Homework…The Journey Archived Post 11.15.10

by lclarcq on November 30th, 2014

filed under Archived Posts 2010, Curriculum and Planning, Homework, Starting The Year, Teacher Training

(Originally posted 11/15/10)
This is a response I posted on moretprs about my own personal journey with assigning homework.

Several people asked if I could put it here so….here it is. ;o)

1st year teaching: I thought that students loved me and loved my class so much that they would do the homework before class ended!

5th year teaching: I thought that although not everyone loved me or my class, at least they all wanted good grades so they would do the homework by the due date.

10th year teaching: I thought that although they might not like me nor my class, nor care about their grades, that their parents did and would MAKE THEM do the homework and hand it in on time.

15th year teaching: I thought that although they might not like me nor my class, nor care about grades that their parents might and COULD make them do the homework and hand it in if they wanted to.

20th year teaching: My own children were getting so much (ludicrous and unnecessary) homework that a) I didn’t have time to correct my students’ homework and b) I began to wonder if it accomplished anything anyway….

25th year teaching: My own children didn’t like some teachers, saw little purpose in homework assignments and I had already tried (and failed) to get them to do homework by grounding, punishing and several other measures. I saw that they did do homework under two different scenarios: a) the teacher publicly taunted them or humiliated them when work was not done b) the work was interesting, engaging and actually helped them to learn/understand something about the topic. I stopped giving work that was only done at home. Instead I began to collect the work that students did IN CLASS.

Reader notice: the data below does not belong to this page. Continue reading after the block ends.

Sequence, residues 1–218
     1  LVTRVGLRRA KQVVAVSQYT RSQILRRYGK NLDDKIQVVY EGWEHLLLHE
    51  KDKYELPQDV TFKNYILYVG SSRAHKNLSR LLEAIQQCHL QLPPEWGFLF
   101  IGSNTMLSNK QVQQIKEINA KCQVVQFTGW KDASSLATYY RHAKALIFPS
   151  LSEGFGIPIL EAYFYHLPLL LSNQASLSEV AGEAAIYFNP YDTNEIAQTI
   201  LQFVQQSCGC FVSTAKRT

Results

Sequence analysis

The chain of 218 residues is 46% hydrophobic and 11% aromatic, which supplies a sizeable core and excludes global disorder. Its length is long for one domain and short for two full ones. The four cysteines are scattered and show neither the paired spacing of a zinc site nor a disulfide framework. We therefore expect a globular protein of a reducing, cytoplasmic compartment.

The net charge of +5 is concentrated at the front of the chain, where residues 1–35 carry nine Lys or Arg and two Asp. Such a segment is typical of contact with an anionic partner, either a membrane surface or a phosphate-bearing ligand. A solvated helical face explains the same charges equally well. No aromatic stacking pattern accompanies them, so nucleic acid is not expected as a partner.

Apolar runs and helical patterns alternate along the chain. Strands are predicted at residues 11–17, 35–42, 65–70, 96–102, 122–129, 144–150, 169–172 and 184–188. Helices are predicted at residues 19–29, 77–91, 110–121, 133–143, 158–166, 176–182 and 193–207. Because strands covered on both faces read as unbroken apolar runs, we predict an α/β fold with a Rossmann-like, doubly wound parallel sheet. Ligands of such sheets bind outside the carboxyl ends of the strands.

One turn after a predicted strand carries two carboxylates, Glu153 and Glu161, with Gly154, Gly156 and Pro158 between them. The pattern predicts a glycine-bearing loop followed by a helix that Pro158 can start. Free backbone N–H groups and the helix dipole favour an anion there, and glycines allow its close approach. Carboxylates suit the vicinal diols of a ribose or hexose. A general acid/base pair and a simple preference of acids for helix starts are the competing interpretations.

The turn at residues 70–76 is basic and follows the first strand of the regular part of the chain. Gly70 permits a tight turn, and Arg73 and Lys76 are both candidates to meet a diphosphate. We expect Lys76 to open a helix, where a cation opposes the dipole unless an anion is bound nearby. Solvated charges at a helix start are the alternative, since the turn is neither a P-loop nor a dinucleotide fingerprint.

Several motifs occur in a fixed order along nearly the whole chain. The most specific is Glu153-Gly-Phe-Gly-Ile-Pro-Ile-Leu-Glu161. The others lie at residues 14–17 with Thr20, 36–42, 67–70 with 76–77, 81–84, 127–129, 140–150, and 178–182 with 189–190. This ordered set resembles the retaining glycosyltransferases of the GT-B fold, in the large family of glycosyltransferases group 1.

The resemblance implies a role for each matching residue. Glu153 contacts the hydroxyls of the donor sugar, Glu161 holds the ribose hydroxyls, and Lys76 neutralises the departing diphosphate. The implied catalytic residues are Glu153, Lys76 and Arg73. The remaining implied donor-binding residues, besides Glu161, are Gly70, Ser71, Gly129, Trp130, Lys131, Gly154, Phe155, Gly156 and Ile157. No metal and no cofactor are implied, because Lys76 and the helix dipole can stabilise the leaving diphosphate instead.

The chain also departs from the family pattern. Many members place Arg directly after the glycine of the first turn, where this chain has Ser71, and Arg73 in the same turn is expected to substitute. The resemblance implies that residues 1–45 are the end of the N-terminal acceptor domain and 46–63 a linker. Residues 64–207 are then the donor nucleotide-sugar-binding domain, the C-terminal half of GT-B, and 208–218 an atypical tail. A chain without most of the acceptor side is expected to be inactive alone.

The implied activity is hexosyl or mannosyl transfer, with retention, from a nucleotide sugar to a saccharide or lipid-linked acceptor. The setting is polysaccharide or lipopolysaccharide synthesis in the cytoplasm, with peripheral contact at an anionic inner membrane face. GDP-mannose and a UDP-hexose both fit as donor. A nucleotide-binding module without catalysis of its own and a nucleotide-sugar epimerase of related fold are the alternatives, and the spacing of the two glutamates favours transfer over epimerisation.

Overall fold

28th year teaching: Both sons are in very good colleges and receiving scholarships. I continue to give assignments that are done in class. NOTHING I EVER GAVE FOR HOMEWORK INCREASED LONG-TERM MEMORY OF TERMS OR STRUCTURES. It also never taught one single student to be more accountable or responsible….that was a myth that I attempted to perpetuate for two decades.

(yes…Alfie Kohn uses the term “myth” and I think he has it right…I’ve kept data on my students to “prove” it for administrators)

Are my students responsible? I think so…although you can ask the folks who have come in to observe me in the past five years if you would like a less-biased approach. They show up, get to work, work for as long as I ask them to and work well. They don’t bad-mouth each other, keep the room cleaner than I do and I rarely ever have a student skip class.

Are they scoring well on state tests? So far…very well. I have shifted levels this year so I can give you a better idea of that at the end of June.

Are they “life-long” learners? Are they staying in the program? Without a doubt. Since beginning with TPRS and stopping routine daily homework assignments we have maintained a 20 -25 % retention rate through level 4 (which would be higher if we could get scheduling issues worked out…) and have launched a half dozen Peace Corp participants and an equal number of language teachers…surprising considering our size. More importantly..to me anyway…is the number of students who have gone on to study language in college and participate in study abroad programs.

Even without homework.

Now..having said all of that…each of us should feel free to run our classrooms as we deem appropriate given the knowledge and experience that we have. We should be free to challenge our OWN policies at any time. The world is changing nanosecond by nanosecond. It’s hard to keep up.
We are all doing our best.

with love,
Laurie

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